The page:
Each year mountain lions are spotted in many great outdoors locations throughout the country. Although it’s not uncommon to have a mountain lion sighting in the country, it’s somewhat alarming when they’re seen in highly trafficked areas, putting people and domestic animals in danger of being attacked.
Due to the coming summer months when folks tend to be out and about in the great outdoors, camping, hiking, fishing, etc., here is a refresher course on what to do if you come into contact with a mountain lion.
* Do not go into the nation alone. It’s best to bring a friend or at least a puppy with you. Having a walking stick may also serve as some protection in case of an attack. Making plenty of noise while outside will prevent you from sneaking up on an unknowing lion, which may lead them to attack.
Mountain lions appear to be particularly drawn to little children. It is very important that you keep them close to you and within your site at all times.
* Do not run away. Pick up your child without bending over. Do your best to stay upright, facing the lion. Running may stimulate the lion’s natural instinct to chase and attack.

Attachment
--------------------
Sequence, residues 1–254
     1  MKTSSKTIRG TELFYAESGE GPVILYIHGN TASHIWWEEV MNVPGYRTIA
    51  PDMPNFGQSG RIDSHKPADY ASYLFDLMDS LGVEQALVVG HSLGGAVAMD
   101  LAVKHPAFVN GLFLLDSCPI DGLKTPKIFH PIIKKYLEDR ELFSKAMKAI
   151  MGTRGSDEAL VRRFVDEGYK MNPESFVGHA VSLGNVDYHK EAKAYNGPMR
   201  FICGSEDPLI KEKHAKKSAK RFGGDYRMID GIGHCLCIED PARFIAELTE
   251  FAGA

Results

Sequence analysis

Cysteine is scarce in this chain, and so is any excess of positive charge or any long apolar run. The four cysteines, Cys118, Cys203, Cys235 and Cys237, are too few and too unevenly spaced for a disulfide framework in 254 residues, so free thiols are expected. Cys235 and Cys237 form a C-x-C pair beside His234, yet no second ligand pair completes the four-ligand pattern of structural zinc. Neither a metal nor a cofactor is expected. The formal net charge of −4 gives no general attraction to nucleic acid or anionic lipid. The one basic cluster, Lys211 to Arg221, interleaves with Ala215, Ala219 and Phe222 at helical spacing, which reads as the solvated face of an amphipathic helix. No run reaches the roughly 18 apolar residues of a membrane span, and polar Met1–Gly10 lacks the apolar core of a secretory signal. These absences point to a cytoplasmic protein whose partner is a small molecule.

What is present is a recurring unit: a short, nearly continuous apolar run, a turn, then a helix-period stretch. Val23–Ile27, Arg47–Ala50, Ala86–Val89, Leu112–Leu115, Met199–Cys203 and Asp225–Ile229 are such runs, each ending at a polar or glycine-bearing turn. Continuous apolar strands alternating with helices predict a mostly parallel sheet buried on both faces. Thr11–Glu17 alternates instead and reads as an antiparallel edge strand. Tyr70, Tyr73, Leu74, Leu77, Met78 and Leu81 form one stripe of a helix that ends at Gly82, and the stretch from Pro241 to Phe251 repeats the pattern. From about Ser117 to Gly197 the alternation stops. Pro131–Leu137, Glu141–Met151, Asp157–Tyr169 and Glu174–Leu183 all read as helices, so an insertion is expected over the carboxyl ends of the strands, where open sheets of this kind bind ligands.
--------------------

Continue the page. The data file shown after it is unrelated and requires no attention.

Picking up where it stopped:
* Make yourself look as large as possible by lifting your arms slowly. Do not bend over or crouch down to avoid looking like a four-legged creature. Throw rocks or sticks if they’re within reach and speak in a loud, firm voice.
If you see one, follow the directions above and give it a chance to escape.
* If the mountain lion attacks, fight back. Try to remain standing to avoid being bitten about the neck or face. Use any objects accessible to protect yourself, such as a rod, hat, fishing pole, etc.. Lots of people have survived mountain lion attacks by fighting back.
If you website a mountain lion, or an animal carcass that could be attributed to a lion kill, always contact your local Department of Fish and Game. Always be conscious of your environment and that of your family, especially small children, when enjoying time in the wonderful outdoors.